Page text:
The Voortrekker Monument was designed by architect Gerard Moerdijk, the son of a Dutch teacher and the first South African to be an Associate of the Royal Institute of British Architects (RIBA).
The idea to build a monument in honour of the Voortrekkers was mooted as early as 1888, but building didn’t start until 1937. With a pause due to the Second World War, the monument was finally opened in 1949 on the Day of the Vow (16 December, now known as the Day of Reconciliation).
The monument was built to celebrate liberation of the Afrikaners from the British colonial government, and to commemorate the Great Trek and the Battle of Blood River – events imprinted in the mindset of many Afrikaners. In that sense it is an icon to Afrikaner nationalism, not in a political sense but in a cultural sense.
In 2002 Nelson Mandela visited the monument, one of nearly 200,000 visitors every year.
A new heritage centre is planned for the monument site which will be a permanent exhibition concentrating on the evolution of the Afrikaner. ‘Neglecting history or selectively remembering it does an injustice to the country as a whole. In the future when all the political dust has settled, someone will be looking for these heritage resources and they’ll be gone, unless people look for and care for them now’ said the monument’s Director.
The Voortrekker Monument stands 41m high with its floor plan measuring 40m by 40m. The frieze in the Hall of Heroes comprises 27 panels carved from Italian marble and depicts scenes from the Great Trek.
The Cenotaph, situated in the centre of the Cenotaph Hall, is the central focus of the monument. Through an opening in the dome the sun shines at twelve o’clock on 16 December each year onto the middle of the Cenotaph and the words ‘Ons vir Jou, Suid-Afrika’ (‘We for Thee, South Africa’). The ray of sunshine is said to symbolise God’s blessing on the lives and endeavours of the Voortrekkers. December 16 was chosen as it was on this date in 1838 that the Battle of Blood River was fought.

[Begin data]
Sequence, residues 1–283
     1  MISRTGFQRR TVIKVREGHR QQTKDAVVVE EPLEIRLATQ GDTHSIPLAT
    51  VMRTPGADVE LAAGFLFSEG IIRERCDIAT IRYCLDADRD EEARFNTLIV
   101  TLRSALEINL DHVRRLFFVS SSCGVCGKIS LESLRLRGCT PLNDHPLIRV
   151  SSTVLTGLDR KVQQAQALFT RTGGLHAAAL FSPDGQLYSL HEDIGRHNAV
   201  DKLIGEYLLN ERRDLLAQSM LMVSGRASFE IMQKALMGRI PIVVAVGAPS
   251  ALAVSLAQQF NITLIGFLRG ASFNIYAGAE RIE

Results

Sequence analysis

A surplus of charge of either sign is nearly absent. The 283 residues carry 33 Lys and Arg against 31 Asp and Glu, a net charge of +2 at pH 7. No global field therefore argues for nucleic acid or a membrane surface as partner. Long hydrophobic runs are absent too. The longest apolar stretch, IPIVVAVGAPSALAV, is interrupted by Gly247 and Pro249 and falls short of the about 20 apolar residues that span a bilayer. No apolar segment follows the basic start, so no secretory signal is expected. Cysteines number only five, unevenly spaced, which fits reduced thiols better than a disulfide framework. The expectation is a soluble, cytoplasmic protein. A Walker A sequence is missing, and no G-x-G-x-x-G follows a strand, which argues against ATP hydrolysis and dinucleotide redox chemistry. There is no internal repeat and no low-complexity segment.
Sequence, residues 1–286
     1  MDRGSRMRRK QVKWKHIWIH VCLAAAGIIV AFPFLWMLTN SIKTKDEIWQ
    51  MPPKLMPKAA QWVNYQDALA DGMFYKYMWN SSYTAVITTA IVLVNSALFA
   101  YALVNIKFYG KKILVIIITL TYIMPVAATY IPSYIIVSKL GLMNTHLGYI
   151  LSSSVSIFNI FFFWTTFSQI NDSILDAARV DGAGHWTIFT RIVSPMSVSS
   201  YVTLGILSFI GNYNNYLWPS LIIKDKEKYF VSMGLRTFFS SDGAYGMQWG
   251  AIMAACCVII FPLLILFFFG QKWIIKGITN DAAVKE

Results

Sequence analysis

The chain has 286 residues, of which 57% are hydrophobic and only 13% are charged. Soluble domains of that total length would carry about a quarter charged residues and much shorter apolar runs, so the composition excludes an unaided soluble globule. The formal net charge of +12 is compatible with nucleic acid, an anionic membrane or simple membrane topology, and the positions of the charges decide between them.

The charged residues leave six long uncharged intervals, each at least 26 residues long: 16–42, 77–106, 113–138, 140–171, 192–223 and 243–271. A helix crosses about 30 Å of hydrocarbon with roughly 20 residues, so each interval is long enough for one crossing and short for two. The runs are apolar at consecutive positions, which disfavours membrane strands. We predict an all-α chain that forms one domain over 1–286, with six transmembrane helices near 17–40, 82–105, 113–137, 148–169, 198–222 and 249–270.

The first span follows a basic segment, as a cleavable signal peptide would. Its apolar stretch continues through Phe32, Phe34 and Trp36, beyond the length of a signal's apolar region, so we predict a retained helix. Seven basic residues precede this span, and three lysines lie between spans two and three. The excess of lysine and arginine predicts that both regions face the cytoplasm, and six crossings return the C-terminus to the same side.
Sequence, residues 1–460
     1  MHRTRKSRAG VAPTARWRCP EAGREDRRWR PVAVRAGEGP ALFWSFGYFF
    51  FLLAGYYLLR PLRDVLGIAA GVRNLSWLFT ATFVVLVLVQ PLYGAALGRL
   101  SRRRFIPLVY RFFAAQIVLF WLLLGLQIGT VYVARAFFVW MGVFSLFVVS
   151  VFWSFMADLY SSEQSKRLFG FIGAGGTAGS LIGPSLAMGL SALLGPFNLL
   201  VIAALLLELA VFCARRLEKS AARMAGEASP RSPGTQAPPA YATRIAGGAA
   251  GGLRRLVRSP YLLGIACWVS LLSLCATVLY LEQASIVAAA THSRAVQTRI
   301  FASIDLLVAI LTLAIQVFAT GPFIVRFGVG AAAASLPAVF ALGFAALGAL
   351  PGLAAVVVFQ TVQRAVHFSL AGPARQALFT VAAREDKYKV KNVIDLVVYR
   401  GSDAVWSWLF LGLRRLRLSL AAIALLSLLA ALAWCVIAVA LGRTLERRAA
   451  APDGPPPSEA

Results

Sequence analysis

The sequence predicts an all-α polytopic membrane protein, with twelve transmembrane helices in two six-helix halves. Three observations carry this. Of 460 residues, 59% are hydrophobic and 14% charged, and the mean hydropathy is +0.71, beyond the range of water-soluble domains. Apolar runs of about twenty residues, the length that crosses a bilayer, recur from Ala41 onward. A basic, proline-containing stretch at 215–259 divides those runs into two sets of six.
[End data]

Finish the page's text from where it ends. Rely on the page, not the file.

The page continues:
Outside, at the base of the Monument, is a bronze sculpture of a Voortrekker woman and her two children, paying homage to their strength and courage on the Great Trek. Pretoria; Gauteng
Kruger House Museum; Pretoria Church Square; Pretoria Church Square; Pretoria Station; Union Buildings
Tswaing Meteorite Crater
On each corner of the Monument there are statues of Piet Retief, Andries Pretorius, Andries Hendrik Potgieter and an ‘unknown’ leader who is representative of all the other Voortrekker leaders.
Jackie Grobler, lecturer in history at the University of Pretoria, says that architecturally the monument is unique. ‘The usual custom was to build either in the Greek or 19th century European style under a strong German influence, but the Voortrekker Monument is quite different to anything else in the country.’
Grobler is insistent it is not an apartheid monument. ‘I don’t see it as a political monument at all but it was exploited and hijacked by the right wing who tried to use it as a venue for their struggle. It’s not meant to be against anybody, except possibly the British, but rather to commemorate the endurance and stamina of a group of people who were not, in a world context, very unique.’
One thing that does bother Grobler is the panel in the marble frieze that depicts the murder of Dingane. ‘I don’t like that scene at all; it strikes me as a sort of vengeance. And he’s portrayed in other places so I think they should have left it out. But it’s the only thing that makes me a bit uncomfortable. However, almost all monuments around the world are considered controversial in some way.’
Melinda Silverman, lecturer in South African architectural history at Wits University says ‘It is almost impossible to separate politics from its design. The entire design was intended as a political statement, from its position on the skyline to its harnessing natural phenomenon, sunlight, to fall on a certain point on a certain day.’
However, Silverman is also clear on it not being an apartheid monument. ‘It was very much about constructing an Afrikaner identity which may have some later resonance with apartheid. However, now it needs to be seen as a monument to Afrikaner nationalism. We have to acknowledge all aspects of our history and we don’t want to be revisionist. The events depicted at the monument reflect a really important moment in our history, whether seen as good or bad.’

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